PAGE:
Is this a good idea??? - Tropical Fish Keeping - Aquarium fish care and resources
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post #1 of 2 Old 11-09-2009, 03:13 AM Thread Starter
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Lightbulb Is this a good idea???

I'm thinking about setting up a protein skimmer that will go into a magnum 350 then flow over some bioballs and back to the tank. I have a 75 gallon salt water tank with ten fish in it. I presently have just the 350 on the tank and dont feel the it's right. Of course my nitrate is high and I want to reduce them in some other way rather than just frequent water changes. I've been wondering if instead of the bioballs a section of substrate with live rock would be better.
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post #2 of 2 Old 11-11-2009, 11:44 PM
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Am I understanding correctly, you wish to hook the magnum direct in line with the skimmer? If this is your intent I can only warn that if you keep the fine particle removal media padding in there, it is likely to back up much faster with the skimmer attached to it. You may find you have variances in water flow, which will effect the effectiveness of both filter and skimmer, and you could end up with overflow of the skimmer.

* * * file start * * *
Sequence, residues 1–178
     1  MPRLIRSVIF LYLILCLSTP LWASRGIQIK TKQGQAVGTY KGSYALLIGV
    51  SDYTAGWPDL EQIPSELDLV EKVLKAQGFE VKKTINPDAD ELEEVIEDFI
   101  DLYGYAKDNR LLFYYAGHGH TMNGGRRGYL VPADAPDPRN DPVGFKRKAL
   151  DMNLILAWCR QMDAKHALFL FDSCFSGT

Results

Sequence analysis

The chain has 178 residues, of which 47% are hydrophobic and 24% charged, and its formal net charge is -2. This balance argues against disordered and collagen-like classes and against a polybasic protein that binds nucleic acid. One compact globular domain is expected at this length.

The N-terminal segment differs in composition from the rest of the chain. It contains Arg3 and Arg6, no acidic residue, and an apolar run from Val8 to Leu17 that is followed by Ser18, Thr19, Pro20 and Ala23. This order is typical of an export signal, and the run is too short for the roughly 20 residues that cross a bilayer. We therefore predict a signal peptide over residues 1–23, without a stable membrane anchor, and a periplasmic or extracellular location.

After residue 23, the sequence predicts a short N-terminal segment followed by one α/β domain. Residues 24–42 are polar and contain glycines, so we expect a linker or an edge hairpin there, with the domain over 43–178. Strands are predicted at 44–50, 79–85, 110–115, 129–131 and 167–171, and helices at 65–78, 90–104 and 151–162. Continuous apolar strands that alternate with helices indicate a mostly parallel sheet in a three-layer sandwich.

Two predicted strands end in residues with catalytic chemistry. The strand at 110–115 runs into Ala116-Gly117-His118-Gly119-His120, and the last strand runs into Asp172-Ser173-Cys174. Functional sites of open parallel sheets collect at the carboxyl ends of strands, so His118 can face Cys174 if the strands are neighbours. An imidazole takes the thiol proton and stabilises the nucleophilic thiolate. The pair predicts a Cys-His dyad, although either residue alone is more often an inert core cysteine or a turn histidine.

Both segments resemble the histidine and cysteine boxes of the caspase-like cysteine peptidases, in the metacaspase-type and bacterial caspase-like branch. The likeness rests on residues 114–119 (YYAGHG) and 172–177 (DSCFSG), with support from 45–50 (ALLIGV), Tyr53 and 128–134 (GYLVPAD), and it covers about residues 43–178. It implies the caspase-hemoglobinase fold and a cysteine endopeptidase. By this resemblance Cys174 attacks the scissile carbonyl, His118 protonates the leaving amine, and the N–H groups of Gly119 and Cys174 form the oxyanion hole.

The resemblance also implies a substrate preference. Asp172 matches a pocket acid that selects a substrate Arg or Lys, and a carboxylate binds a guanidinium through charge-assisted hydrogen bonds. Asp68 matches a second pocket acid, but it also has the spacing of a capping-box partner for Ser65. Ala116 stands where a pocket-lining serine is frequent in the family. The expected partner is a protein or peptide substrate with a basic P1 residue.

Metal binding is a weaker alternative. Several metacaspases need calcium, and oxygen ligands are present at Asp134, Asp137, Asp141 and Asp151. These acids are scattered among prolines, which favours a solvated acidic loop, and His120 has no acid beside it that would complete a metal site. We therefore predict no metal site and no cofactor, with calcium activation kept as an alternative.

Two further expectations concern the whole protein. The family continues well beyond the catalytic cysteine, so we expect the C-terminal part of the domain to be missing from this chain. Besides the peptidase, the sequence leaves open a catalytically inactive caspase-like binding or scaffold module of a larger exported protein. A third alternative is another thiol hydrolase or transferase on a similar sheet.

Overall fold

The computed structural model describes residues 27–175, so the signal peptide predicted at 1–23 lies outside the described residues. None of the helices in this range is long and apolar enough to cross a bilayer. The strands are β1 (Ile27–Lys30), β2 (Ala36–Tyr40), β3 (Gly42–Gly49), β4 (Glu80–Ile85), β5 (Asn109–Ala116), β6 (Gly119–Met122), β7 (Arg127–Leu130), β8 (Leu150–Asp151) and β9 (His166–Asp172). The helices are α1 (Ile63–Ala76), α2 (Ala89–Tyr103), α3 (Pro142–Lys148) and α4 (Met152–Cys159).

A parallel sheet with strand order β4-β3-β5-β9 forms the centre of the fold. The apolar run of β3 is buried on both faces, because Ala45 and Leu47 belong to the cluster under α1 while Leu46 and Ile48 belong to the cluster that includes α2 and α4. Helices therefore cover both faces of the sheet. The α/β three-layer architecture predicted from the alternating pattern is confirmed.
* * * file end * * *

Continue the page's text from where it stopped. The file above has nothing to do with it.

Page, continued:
As for the bioballs vs live rock... personally I prefer the live rock. You are more likely to find more surface area in live rock than you will achieve with bioballs, but that will depend on the density of the rock. White tufa rock, base rock, live rock... be selective in your pieces and find the ones that weigh less than you'd think compared to size. The more porous the live rock the more surface area you will get.

If you go with live rock I would eliminate substrate if you are doing it in a specific compartment, or clear/lower the sand level near the out take tube to avoid the water coming back into the tank from blowing around. It makes a mess and if it settles on the rock it will break down into silt, which can be a pain in the butt to remove and contribute to cyano bacteria blooms in those locations if not removed. You will eventually get silt as the rock itself breaks down over time, but loose sand breaks down faster because each particle is smaller, thus the buildup happens faster.

Hope that helps.

Dawn Moneyhan
Aquatics Specialist/Nutritionist
Juneau, WI
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